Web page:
The foreign exchange risk management policy of the Company requires it to manage the foreign exchange risk by transacting as far as possible in the functional currency. Moreover, the Company monitors the movements in currencies in which the borrowings / capex vendors are payable and manage any related foreign exchange risk, which inter-alia include entering into foreign exchange derivative contracts - as considered appropriate and whenever necessary. For further details as to foreign currency borrowings, refer Note 17. Further, for the details as to the fair value of various outstanding derivative financial instruments, refer Note 34.

The sensitivity disclosed in the above table is mainly attributable to, in case of to foreign exchange gains / (losses) on translation of USD denominated borrowings, derivative financial instruments, trade payables, and trade receivables.

The above sensitivity analysis is based on a reasonably possible change in the under-lying foreign currency against the respective functional currency while assuming all other variables to be constant.

Based on the movements in the foreign exchange rates historically and the prevailing market conditions as at the reporting date, the Company’s management has concluded that the above mentioned rates used for sensitivity are reasonable benchmarks.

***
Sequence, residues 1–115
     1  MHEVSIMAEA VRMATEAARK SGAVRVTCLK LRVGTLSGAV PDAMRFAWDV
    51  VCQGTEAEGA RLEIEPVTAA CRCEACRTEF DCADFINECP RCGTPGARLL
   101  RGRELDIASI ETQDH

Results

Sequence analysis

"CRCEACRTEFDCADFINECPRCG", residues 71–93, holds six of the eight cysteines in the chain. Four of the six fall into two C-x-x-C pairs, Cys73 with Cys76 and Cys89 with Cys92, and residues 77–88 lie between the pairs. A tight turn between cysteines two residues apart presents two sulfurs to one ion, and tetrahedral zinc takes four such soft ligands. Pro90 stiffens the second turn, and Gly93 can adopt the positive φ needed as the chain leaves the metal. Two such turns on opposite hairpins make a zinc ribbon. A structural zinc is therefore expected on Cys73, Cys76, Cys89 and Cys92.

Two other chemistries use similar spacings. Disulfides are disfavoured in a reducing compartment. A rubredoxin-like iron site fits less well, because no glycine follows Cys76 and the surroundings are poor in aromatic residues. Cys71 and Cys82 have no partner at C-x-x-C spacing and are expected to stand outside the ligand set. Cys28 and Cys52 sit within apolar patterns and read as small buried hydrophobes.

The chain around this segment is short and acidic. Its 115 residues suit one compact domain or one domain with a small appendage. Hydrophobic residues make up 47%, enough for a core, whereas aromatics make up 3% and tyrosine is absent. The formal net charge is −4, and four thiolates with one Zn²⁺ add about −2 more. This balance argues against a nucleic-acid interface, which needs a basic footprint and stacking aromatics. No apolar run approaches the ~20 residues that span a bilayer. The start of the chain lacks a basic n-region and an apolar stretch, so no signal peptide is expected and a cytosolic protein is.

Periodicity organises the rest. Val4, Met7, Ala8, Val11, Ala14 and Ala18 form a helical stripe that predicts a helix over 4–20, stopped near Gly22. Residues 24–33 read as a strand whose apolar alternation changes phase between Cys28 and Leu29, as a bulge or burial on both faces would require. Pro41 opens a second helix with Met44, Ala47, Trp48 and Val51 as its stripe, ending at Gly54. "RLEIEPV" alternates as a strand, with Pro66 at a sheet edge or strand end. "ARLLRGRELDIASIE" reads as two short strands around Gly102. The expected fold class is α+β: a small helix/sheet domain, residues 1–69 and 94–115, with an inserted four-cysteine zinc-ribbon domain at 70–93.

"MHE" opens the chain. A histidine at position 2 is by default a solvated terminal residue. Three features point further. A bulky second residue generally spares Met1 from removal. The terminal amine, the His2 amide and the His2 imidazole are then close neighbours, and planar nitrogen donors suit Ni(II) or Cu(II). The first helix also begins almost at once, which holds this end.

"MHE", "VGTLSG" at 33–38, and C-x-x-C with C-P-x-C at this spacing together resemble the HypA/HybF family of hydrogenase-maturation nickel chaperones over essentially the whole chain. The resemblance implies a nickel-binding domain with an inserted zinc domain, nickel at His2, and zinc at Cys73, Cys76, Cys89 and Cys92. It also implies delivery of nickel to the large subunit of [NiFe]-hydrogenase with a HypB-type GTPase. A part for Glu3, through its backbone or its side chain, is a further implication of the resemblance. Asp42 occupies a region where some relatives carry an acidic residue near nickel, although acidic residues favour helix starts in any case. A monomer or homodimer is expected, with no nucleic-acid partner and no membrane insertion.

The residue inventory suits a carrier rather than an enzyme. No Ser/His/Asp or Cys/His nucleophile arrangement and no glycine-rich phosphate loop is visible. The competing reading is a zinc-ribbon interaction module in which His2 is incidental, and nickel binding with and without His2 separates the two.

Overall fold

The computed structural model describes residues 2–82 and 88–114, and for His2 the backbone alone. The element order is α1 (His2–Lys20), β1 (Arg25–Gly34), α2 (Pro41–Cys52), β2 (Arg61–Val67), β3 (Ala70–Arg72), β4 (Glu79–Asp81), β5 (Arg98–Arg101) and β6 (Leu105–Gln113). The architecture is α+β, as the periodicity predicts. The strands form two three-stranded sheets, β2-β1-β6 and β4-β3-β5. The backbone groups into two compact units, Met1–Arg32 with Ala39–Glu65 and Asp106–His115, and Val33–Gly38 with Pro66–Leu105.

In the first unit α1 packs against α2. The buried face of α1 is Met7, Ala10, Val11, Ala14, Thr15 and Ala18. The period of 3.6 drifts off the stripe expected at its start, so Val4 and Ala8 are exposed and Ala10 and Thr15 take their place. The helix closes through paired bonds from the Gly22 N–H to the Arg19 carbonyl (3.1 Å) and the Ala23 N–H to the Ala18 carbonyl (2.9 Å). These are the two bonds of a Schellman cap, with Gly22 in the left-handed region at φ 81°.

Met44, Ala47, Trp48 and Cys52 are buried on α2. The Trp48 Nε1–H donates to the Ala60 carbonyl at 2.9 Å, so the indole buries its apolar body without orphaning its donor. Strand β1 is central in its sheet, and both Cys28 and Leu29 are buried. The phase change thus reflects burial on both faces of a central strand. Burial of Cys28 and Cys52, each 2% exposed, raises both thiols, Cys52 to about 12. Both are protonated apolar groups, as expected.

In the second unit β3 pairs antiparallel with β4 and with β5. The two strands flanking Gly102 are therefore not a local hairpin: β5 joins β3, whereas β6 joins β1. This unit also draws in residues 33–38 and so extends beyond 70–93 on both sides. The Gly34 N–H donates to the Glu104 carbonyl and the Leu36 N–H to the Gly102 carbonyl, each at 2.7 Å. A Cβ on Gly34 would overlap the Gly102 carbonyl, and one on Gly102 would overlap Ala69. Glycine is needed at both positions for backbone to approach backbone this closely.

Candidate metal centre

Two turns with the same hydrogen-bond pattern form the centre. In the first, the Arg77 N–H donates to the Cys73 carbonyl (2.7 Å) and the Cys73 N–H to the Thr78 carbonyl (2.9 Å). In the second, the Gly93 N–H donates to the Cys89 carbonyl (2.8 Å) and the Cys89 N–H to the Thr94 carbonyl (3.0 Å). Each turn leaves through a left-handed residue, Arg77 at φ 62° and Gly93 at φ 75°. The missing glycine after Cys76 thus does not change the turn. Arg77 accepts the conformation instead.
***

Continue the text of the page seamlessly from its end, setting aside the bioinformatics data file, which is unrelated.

(ii) Interest rate risk

As the Company does not have exposure to any floating-interest bearing assets, or any significant longterm fixed-interest bearing assets, its interest income and related cash inflows are not affected by changes in market interest rates. Consequently, the Company’s interest rate risk arises mainly from borrowings.

Borrowings

Borrowings with floating and fixed interest rates expose the Company to cash flow and fair value interest rate risk respectively. However, the short-term borrowings of the Company do not have a significant fair value or cash flow interest rate risk due to their short tenure. Accordingly, the components of the debt portfolio are determined by the GSM in a manner which enables the Company to achieve an optimum debt-mix basis its overall objectives and future market expectations.

The Company monitors the interest rate movement and manages the interest rate risk based on its risk management policies, which inter-alia include entering into interest swaps contracts - as considered appropriate and whenever necessary.

The sensitivity disclosed in the above table is attributable to floating-interest rate borrowings and the interest swaps.

The above sensitivity analysis is based on a reasonably possible change in the under-lying interest rate of the Company’s borrowings in INR, USD (being the significant currencies in which it has borrowed funds), while assuming all other variables (in particular foreign currency rates) to be constant.

Based on the movements in the interest rates historically and the prevailing market conditions as at the reporting date, the Company’s management has concluded that the above mentioned rates used for sensitivity are reasonable benchmarks.

(iii) Price risk